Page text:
Millions of dollars will be spent and billions of words spilled, but only one thing will decide this election: Will voters be madder at President Obama or at Republicans in the legislature?
On today’s market, the outlook for Democrats is as chilling as a New Year’s Day Polar Bear Plunge. For two months, the news has been all Obamacare – and all bad. While Obama energizes voters when he’s on the ballot, the magic doesn’t transfer when he’s not. In 2010, his voters stayed home and the Obama-haters turned out in droves. That’s what got North Carolina in this mess.
If that happens again, Kay Hagan could lose, and Republicans could control both houses of Congress and keep super-majorities in Raleigh.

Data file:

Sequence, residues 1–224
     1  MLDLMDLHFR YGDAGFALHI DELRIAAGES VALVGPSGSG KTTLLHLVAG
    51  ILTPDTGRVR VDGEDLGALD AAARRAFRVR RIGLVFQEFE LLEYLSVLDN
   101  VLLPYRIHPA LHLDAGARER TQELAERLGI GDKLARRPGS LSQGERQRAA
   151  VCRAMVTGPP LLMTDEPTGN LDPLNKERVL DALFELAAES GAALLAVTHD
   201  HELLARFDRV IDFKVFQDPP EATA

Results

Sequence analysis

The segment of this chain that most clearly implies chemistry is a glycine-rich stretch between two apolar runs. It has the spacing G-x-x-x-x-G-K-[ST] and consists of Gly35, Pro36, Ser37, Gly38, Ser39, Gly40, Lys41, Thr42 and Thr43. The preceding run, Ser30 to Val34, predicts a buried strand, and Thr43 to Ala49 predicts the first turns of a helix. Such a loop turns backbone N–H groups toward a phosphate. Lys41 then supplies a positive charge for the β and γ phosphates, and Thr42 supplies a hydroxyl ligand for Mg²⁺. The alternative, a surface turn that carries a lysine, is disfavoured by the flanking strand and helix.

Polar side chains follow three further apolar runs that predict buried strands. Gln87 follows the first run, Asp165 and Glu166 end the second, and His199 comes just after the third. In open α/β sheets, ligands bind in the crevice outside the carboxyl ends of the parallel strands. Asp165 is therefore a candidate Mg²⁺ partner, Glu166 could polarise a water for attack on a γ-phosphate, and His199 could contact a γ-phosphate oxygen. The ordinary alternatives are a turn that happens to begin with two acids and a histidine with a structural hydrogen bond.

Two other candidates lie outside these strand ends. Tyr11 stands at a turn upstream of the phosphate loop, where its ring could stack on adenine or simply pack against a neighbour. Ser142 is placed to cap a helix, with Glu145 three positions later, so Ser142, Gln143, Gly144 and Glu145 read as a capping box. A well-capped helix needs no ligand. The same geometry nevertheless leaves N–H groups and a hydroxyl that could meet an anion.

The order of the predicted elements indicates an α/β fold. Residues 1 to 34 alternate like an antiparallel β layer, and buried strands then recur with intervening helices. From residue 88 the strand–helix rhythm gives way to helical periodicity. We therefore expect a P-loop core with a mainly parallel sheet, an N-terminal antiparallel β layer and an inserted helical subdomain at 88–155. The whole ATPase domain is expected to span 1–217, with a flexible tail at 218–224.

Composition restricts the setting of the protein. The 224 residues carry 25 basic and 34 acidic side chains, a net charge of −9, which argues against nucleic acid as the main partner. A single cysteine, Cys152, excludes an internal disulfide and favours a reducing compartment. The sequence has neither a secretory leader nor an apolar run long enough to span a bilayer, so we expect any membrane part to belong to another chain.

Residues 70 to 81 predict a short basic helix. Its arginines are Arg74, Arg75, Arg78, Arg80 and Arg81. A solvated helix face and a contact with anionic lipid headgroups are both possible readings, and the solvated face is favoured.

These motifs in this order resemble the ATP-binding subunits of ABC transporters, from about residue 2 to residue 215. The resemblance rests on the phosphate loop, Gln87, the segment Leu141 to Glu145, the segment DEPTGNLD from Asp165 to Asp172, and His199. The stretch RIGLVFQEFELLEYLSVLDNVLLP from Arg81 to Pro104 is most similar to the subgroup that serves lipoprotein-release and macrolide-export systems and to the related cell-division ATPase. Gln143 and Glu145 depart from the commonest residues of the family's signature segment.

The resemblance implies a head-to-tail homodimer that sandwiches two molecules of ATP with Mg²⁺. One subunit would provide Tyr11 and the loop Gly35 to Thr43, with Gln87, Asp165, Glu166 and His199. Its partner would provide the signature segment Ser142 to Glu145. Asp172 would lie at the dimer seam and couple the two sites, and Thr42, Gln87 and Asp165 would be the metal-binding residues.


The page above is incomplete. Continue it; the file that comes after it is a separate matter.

2015 would be no fun.
But, then, in 2016, Americans and North Carolinians would recoil at the result, Republicans will nominate Ted Cruz for President and there will be a Democratic landslide statewide and nationally.
There’s also a more optimistic scenario for Democrats this year: Anger at the legislature over the damage done to education could trump anger at Obama. The GOP and Tea Party could overreach nationally, like 1998, when Newt Gingrich & Co. overreached, lost big and paved the road for John Edwards’ election.
The point is that elections today are driven by negative emotions, namely fear and anger. No politician is popular. No politician has approval ratings above the 40s in North Carolina. By contrast, Jim Hunt stayed north of 60 percent most of the time he was Governor.
So keep an eye on one thing: Who are the voters maddest at in November?